Todd Howard (Jason Bateman) is beginning his freshman year at college, but the dean (John Astin) has high hopes for him, not academically but in the field of sport. This is because Todd's cousin made a name for himself in that area, being prestigiously talented at basketball, and Dean Dunn hopes that such prowess runs in the family. But that's not all that runs in the family, as the reason Todd's cousin was so adept was that he is a werewolf, something that the relation hopes has skipped a generation. As he is driven to his dorm by his uncle Harold (James Hampton), he tells him that he wishes to be known for his intellectual pursuits, but things don't quite work out that way...
For an instant hit of eighties nostalgia, look no further than the Michael J. Fox-starring Teen Wolf, a cheerfully brainless update of I Was a Teenage Werewolf recreated as a light comedy. For the antidote to that, look no further than its unnecessary sequel, which Fox declined to appear in, and why not as it was pretty much exactly the same film, except without the joie de vivre and frankly the sheer enjoyment of seeing a notion so daft carried off with such merriment. Bateman has gone on to prove himself a highly skilled comic actor, but fans of Arrested Development would be advised to stay away from this lest their admiration be dented.
Not that Bateman is terrible in this, it's just he seems the wrong actor for the role as if anything he comes across as embarrassed to be there, almost silently acknowledging the poor quality of the enterprise as he gamely makes his way through the laugh-free plot. So instead of basketball we have boxing, which turns the finale into something out of a Rocky movie, only without the sense of uplift and inspiration, as inspiration is notably lacking throughout. Screenwriter Tim Kring, who would go onto create sci-fi television show Heroes, was evidently given the script of the first one and ordered to change a few names, alter a few scenes, but more or less leave everything the same.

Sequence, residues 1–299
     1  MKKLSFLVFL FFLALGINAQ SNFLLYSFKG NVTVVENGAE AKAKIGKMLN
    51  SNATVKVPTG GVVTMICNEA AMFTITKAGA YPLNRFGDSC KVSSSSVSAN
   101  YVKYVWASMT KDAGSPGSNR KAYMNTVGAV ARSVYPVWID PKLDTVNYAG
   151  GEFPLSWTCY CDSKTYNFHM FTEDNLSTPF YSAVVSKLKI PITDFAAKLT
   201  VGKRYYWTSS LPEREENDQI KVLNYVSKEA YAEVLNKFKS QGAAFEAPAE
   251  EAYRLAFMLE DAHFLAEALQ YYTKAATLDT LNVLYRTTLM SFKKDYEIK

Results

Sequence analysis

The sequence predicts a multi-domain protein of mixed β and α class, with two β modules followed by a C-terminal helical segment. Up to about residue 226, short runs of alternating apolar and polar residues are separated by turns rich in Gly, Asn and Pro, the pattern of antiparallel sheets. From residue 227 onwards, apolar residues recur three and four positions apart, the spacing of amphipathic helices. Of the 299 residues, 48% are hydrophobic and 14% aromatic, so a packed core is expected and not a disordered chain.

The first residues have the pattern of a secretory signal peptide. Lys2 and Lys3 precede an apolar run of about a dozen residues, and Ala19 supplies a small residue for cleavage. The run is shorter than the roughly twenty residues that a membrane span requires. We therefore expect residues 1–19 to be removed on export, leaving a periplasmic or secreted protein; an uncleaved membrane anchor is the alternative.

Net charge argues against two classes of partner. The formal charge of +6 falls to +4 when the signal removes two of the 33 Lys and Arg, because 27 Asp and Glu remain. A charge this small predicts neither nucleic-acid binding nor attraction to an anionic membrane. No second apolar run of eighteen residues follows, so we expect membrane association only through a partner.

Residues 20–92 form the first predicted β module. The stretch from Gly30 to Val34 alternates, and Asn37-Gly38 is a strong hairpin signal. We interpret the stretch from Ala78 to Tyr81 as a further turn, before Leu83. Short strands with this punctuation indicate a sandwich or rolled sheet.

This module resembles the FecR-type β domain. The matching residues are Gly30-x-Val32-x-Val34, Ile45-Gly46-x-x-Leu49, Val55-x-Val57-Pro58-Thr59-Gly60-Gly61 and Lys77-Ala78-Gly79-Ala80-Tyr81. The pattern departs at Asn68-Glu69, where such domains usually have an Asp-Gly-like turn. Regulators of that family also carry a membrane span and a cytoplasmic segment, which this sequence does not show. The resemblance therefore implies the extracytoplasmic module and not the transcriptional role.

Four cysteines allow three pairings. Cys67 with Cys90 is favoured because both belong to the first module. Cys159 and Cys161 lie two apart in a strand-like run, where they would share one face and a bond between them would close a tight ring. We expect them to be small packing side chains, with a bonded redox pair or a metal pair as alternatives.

The result of that is a production that gives carbon copies a bad name, and as if everyone is well aware they are going through the motions there is not a spark of life in the whole film as the characters grow increasingly dejected. Once Todd has turned into the wolfman, which takes a very long time incidentally - not the actual transformation, it takes ages for any special makeup effects to become apparent - he turns into a celebrity on the campus, then it all goes to his head and he is the biggest "jerk" around. This means he brings all the others down, and his party hard friends opt to return to their studies and revising, and the nice girl Nicki (Jennifer Beals lookalike Estee Chandler) rejects him.
So for a comedy this has a decidedly miserable tone about it, and not only because if you had seen the first one you know exactly how this will turn out so the feeling of going over the same ground in worse conditions never leaves you. They do their best to kid themselves they're having fun in this, with a montage set around Todd driving a fast car and picking up girls, and even a singalong which must count as one of the least exciting ever put on film, this despite Bateman leading the chorus in full wolfman mode and sliding down a cable over the heads of the suspiciously well-trained dancing extras. It's a pity that this lot, most of whom have proven themselves elsewhere as perfectly capable, could not have seen their skills applied to fresher material. Music by Mark Goldenberg.